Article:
We hope this letter provides timely and pertinent context to the thinking that led to the declaration of this latest special cash dividend.

Sincerely,
On behalf of Old Republic’s Board of Directors,                                                      

Craig R. Smiddy                                                   

Aldo C. Zucaro

President and Chief Executive Officer                  

Chairman of the Board















Table A
















Capital Management: Trends and Objectives
















  • Old Republic’s blended capital allocation process is principally driven by enterprise risk management considerations based on the attained and prospective growth of regulated insurance underwriting subsidiaries and the ensuing balance sheet leverage.

















Capital Allocation Percentages by Regulatory Insurance Groups

Actual as of December 31,*


General


Title


Subtotal


Life &

Accident


Other


RFIG 
Run-off


Consolidated

2006


59.5%


8.6%


68.1%


2.2%


0.1%


29.6%


100.0%

2007


61.3%


8.8%


70.1%


2.4%


-0.1%


27.6%


100.0%

2008


62.7%


9.7%


72.4%


2.4%


0.3%


24.9%


100.0%

2009


68.3%


10.3%


78.6%


2.5%


1.3%


17.6%


100.0%

2010


71.0%


10.2%


81.2%


2.4%


3.0%


13.4%


100.0%

2011


80.0%


11.1%


91.1%


2.4%


2.0%


4.5%


100.0%

2012


83.7%


13.3%


97.0%


2.4%


2.0%


-1.4%


100.0%

2013


82.2%


13.7%


95.9%


2.1%


2.3%


-0.3%


100.0%

2014


78.0%


13.6%


91.6%


1.7%


2.3%


4.4%


100.0%

2015


78.2%


13.7%


91.9%


1.2%


1.6%


5.3%


100.0%

2016


78.0%


13.9%


91.9%


1.1%


0.5%


6.5%


100.0%

2017


76.5%


13.3%


89.8%


0.8%


1.8%


7.6%


100.0%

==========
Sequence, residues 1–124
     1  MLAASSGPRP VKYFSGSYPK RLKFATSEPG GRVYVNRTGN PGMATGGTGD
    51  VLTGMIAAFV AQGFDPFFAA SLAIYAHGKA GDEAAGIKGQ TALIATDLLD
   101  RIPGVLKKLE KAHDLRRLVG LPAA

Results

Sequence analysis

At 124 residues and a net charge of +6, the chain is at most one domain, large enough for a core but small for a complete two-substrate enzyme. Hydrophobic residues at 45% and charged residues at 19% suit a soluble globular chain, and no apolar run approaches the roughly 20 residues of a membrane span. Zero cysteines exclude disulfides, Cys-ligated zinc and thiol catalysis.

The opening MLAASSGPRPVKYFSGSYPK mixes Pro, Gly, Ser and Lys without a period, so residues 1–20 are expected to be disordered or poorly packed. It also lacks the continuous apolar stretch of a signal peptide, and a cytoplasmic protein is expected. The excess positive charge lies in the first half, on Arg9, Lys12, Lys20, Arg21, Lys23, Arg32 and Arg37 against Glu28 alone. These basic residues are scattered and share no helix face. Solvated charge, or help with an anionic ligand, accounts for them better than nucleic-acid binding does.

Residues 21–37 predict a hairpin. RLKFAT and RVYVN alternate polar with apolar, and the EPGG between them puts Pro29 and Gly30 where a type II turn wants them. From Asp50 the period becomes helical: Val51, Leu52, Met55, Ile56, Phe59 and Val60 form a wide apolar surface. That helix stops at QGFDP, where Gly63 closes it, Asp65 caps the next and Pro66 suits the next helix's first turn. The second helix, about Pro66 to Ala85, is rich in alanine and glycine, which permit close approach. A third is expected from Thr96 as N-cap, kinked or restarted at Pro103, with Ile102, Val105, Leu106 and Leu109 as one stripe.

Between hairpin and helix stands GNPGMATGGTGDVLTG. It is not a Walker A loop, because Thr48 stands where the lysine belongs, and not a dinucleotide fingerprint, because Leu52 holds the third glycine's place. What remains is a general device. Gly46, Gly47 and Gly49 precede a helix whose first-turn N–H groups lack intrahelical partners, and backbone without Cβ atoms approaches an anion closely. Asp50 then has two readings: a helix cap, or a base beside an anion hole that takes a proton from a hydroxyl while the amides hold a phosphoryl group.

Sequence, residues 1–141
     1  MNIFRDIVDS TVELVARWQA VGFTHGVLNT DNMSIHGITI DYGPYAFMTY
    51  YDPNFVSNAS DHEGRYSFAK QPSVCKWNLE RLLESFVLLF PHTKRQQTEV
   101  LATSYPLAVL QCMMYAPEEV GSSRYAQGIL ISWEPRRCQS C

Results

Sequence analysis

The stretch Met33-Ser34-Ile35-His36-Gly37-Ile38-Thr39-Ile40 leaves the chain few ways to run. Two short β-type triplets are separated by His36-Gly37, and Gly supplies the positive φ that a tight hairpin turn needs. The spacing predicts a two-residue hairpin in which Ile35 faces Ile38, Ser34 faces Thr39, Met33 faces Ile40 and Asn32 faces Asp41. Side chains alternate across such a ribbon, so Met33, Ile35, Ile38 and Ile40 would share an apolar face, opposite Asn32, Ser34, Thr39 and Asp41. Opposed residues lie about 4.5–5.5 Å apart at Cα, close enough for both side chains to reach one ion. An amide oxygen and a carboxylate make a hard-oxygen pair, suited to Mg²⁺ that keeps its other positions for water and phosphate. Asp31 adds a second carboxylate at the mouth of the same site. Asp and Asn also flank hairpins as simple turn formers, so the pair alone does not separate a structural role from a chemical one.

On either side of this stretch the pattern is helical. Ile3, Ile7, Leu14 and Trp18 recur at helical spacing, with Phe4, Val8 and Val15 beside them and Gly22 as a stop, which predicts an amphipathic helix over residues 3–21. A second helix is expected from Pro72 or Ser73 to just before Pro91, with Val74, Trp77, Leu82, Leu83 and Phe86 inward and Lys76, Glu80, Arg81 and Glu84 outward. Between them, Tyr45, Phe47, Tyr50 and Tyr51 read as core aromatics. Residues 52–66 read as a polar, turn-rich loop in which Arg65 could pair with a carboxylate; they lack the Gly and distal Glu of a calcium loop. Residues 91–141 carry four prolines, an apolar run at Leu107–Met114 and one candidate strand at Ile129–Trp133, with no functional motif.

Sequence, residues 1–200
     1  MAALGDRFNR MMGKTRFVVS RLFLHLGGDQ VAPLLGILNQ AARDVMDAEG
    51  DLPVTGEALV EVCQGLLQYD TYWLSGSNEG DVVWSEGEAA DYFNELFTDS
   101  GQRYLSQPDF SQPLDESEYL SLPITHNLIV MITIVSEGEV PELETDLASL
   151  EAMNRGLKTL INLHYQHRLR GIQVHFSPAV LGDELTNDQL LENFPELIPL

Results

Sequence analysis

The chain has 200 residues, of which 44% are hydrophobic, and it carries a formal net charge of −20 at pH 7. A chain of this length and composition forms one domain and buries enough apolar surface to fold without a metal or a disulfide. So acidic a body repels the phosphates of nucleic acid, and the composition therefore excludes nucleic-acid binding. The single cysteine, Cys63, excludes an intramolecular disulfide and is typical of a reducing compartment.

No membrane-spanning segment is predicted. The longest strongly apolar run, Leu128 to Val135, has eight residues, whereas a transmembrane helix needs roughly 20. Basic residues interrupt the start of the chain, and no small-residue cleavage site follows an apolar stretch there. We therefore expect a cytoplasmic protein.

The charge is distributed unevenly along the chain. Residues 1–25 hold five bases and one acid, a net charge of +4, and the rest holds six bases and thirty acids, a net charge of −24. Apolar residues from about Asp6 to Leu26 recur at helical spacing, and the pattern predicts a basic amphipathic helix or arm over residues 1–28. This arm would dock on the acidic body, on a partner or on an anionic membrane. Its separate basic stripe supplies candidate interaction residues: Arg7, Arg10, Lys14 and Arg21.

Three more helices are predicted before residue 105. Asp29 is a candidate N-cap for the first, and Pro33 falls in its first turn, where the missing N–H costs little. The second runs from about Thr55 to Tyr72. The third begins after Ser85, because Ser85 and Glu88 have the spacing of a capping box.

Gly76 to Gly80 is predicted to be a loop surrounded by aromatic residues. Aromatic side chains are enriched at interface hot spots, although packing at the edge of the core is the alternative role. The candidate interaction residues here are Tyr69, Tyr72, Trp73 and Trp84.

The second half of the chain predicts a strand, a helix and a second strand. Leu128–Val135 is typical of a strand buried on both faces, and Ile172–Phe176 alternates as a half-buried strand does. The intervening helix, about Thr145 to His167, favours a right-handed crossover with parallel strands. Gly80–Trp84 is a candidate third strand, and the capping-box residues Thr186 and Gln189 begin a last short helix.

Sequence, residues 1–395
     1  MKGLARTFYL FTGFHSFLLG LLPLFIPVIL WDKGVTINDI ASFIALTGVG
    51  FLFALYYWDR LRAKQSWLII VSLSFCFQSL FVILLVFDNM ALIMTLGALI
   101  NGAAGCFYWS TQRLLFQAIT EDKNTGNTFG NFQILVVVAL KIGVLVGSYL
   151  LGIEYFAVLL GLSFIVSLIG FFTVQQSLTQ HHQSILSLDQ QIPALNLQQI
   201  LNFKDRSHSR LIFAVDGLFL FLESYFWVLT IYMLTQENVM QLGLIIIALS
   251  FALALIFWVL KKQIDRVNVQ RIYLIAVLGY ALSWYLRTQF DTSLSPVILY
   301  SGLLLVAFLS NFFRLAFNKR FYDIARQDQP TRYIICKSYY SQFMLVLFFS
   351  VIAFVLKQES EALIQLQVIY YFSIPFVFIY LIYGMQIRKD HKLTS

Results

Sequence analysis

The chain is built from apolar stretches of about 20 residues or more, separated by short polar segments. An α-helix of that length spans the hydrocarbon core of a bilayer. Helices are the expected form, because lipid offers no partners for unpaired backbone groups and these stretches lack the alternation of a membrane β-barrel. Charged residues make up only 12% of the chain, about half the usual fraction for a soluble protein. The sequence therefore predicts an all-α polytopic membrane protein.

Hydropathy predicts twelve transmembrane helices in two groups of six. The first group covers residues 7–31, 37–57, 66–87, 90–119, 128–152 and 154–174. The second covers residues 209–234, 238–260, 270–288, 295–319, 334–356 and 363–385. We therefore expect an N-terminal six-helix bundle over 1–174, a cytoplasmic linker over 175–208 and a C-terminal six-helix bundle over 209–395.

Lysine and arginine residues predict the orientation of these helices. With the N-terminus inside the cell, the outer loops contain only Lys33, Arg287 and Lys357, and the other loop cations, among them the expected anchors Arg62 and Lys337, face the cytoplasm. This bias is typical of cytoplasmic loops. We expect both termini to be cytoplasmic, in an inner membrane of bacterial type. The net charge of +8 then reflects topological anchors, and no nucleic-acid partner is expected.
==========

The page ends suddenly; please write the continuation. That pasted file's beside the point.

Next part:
2018


76.5%


13.8%


90.3%


0.7%


0.9%


8.1%


100.0%

2019


75.5%


13.8%


89.3%


0.7%


2.4%


7.6%


100.0%

2020 – Nine Months

76.4%


14.8%


91.2%


0.8%


1.1%


6.9%


100.0%














































Current Long-Term Objectives

82.5%


15.0%


N/A


1.0%


1.5%


0.0%


100.0%































* Percentages are inclusive of all capital instruments.


































Table B




















Insurance Underwriting Long-Focused on Industry Specialization




















  • In addition to its insurance coverage concentrations (see Table D), Old Republic’s long-term underwriting success in its single business of insurance is most significantly due to its long history of specialization in cyclically heterogeneous industries that are at the core of the North American economy.





















Percent of Premiums and Fees Volume by Industry Groupings Underlying Specialization







General




Natural











Banking,




Manufacturing




Energy











Construction,




& Services,




Resources











Finance,




Retail &


Subtotal


(Coal, Gas, Oil,









Years Ended


Housing &


Air, Land & Sea


Wholesale 


Top 3


Utlities, Wind


Education &







December 31,


Real Estate


Transportation


Trade


Industries


& Turbines)


Government


Health Care


All Other


Total




















2006


53.6%


27.6%


8.0%


89.2%


4.0%


2.2%


0.2%


4.4%


100.0%

2007


54.8%


24.9%


9.9%


89.6%


3.7%


2.0%


0.2%


4.5%


100.0%

2008


53.5%


24.7%


12.8%


91.0%


4.0%


0.3%


0.2%


4.5%


100.0%

2009


54.7%


23.9%


13.5%


92.1%


3.4%


0.4%


0.5%


3.6%


100.0%

2010


55.5%


24.6%


11.9%


92.0%


2.9%